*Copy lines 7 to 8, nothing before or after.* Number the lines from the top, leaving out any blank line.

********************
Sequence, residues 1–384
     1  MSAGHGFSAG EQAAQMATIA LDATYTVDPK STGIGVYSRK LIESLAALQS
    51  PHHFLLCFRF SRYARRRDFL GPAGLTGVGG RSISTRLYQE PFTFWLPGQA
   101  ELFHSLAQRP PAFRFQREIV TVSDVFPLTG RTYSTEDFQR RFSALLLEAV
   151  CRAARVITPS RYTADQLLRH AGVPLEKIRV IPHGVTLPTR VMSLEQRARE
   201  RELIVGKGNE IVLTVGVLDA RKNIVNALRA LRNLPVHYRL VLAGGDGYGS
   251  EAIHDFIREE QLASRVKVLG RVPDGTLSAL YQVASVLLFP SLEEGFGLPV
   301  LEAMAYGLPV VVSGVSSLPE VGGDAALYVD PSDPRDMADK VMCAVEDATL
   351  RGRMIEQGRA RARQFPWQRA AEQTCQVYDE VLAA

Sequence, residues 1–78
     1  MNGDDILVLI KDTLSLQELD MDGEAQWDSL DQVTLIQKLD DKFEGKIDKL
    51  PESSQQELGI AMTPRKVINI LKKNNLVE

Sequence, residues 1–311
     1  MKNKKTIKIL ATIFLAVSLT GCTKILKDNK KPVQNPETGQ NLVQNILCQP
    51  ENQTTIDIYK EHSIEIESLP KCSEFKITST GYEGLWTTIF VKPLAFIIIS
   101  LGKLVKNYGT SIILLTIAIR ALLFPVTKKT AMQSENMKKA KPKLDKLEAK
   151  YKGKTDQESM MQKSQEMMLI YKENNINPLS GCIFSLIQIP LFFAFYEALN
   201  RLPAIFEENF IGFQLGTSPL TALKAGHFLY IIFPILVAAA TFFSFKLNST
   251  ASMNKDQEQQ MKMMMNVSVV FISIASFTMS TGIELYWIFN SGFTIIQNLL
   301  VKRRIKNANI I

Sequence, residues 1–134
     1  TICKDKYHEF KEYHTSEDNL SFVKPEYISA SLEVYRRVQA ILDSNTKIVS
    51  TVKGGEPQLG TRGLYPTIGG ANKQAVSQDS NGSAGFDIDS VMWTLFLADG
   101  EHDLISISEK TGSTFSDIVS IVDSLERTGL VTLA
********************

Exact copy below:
   251  EAIHDFIREE QLASRVKVLG RVPDGTLSAL YQVASVLLFP SLEEGFGLPV
   301  LEAMAYGLPV VVSGVSSLPE VGGDAALYVD PSDPRDMADK VMCAVEDATL